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In my humble opinion, the lost of any child regardless of their age at passing, is the most devastating tribulation one can experience in this life! The lost of a child cuts one off from the future where all that might have been reside, sadly the wounds are deep and do not heal with time as some would say. Rather one accepts the hand you were dealt and somehow you come to terms with it in the best ways you can on a daily journey up the mountain. There is a peace for believers in knowing that at some future time and place all your questions will be answered, here I pity the unbeliever for they have nothing..................! As for providing encouragement thread lightly as your in a minefield where the deep wounds expose raw emotions of anger and a nameless unspeakable pain walks the dark landscape! Keep them in your prayers, till they can find their way back from their dark journey. I submit the Jewish "Sitting Sheva" a mitzvah (literally "commandment" usually interpreted as "good deed") of kindness and compassion. Traditionally no greetings are exchanged and friends simply wait for the mourners to initiate conversation, or remain silent if the mourners do not do so, out of respect for their bereavement. Friends will actually come over and sit on the floor and bring comfort to the grieving primarily through their silent presence. And please friend there is a time for every purpose under heaven, hold your great scripture recital for a later time, here use duck tape if you have to! In the Lord's freedom and mercy....................warrior on
I lost a son at age 42, and three grandchildren. I still weep, but God in His perfect wisdom gives and takes away. Blessed be the name of the Lord. It i devastating for a while and the grief becomes overwhelming. But when we least expect it we can open our hands and give them up to the Lord. Our sovereign Lord has a purpose in everthing. It is through these times that a curse can become a blessing. We are in the valley, but there is one who sticks closer than a brother. I learned to trust in the Lord with all my heart, and not lean on my own understanding. To acknowledge Him, and He would direct my path. I had no path of my own. I still weep. But, greater is He that is in me than He that is in the world. Yes, it is times like these that no one can comfort us. There are no words. Words are meaningless. I did remember Job but it was no comfort to me. But the Lord will not let us grieve forever. We will see the Sonshine again. These are my own experiences and probably like no others as the Lord does not work the same in all. But I love Him who saved me by His grace more than I ever did before. He has promised never to leave us and I have experienced that truth. I don't have it all in a box. I still have dark days. But I know the one who keeps me even through those times.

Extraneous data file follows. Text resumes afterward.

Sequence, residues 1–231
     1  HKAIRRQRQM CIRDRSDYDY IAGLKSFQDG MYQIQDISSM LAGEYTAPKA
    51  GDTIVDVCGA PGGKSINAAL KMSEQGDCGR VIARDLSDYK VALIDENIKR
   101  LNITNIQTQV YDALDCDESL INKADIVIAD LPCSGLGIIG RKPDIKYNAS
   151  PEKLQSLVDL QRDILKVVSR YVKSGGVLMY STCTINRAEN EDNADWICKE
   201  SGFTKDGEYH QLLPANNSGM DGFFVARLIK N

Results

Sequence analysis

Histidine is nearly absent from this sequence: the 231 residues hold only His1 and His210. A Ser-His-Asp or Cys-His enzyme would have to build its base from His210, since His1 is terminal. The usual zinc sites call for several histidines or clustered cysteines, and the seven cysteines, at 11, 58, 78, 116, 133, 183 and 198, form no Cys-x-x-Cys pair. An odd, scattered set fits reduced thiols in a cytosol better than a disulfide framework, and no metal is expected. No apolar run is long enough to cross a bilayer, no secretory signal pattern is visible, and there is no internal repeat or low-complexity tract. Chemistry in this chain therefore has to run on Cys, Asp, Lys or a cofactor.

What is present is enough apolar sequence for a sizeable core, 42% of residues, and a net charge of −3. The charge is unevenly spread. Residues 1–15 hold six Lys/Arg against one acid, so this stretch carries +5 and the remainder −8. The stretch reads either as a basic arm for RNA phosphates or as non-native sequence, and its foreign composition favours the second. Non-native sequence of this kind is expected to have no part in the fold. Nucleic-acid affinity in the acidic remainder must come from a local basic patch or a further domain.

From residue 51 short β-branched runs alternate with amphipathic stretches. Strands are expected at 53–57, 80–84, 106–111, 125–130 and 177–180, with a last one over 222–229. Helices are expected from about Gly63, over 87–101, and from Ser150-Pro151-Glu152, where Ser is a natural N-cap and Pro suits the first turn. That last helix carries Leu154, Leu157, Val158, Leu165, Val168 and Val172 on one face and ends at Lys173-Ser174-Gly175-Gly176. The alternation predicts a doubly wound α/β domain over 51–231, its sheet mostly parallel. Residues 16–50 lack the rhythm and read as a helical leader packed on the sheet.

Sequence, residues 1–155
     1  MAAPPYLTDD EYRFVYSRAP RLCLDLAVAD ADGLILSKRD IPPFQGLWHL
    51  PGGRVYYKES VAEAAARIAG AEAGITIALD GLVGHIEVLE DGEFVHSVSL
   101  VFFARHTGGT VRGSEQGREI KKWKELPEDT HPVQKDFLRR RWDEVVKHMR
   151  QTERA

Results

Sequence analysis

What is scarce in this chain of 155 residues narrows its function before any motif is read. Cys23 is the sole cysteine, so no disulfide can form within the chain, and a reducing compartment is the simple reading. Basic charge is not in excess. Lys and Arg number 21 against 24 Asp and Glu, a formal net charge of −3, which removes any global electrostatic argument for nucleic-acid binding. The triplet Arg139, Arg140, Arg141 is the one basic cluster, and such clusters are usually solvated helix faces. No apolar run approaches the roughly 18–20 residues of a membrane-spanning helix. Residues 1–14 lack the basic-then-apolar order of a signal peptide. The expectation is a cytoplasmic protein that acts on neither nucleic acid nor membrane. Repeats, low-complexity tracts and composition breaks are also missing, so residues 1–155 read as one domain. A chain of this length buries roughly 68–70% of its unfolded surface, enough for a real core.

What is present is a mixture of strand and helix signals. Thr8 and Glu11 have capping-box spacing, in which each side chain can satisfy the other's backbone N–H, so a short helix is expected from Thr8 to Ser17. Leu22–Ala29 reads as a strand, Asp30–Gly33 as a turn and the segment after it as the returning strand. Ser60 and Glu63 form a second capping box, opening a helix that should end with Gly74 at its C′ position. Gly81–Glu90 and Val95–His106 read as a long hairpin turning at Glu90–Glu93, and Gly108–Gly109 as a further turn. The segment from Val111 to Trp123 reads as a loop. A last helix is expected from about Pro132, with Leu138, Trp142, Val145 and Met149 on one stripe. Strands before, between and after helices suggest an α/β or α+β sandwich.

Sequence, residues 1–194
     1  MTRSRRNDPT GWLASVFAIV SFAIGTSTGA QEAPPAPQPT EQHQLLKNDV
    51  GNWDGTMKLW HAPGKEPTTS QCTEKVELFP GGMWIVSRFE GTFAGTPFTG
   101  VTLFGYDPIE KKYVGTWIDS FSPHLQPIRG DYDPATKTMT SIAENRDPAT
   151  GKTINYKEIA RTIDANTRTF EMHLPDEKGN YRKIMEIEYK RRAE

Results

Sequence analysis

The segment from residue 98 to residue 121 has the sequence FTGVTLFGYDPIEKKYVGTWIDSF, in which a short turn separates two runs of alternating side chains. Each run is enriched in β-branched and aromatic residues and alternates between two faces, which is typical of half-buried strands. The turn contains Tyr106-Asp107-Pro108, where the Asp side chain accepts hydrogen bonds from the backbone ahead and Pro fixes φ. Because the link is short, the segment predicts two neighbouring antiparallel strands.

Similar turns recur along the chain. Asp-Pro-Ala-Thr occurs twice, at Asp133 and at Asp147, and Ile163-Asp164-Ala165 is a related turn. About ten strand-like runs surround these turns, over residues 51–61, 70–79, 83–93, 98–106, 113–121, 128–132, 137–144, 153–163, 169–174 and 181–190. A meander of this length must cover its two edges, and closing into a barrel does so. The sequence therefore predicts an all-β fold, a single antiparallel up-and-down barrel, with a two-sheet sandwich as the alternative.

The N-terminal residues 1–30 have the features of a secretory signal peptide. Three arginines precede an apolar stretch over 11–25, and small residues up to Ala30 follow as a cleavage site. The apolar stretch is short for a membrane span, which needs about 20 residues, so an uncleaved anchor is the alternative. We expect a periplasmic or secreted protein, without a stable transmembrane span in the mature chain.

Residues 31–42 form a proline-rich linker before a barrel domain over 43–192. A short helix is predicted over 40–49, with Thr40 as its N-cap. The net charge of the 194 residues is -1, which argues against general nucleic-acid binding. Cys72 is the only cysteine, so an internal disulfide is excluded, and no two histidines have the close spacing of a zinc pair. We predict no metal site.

I lost my Sweet Daughter at age 14 in a car wreck! I do not say accident due to the one who did it admitted it was done with his full will! I long ago forgave him, but only with my JESUS'S help! I Found my heart so broken it was a physical as well as soul PAIN! I can not ever really explain what this horrendous and devastating Loss in mine and my families lives was and forever with us. I'm sharing what did help at the time- those that came in Love and hugged and just was- not talking or doing but just Being there for us. Later telling stories of how my daughter touched their lives(there were so many strangers come to her funeral and telling how she touched their lives)! My Wonderful Daughter Truly Loved Our JESUS, and even though only 14, She touched many lives in Her short years! I Thank GOD for having her for those years, even while missing her desperately these last 35 years!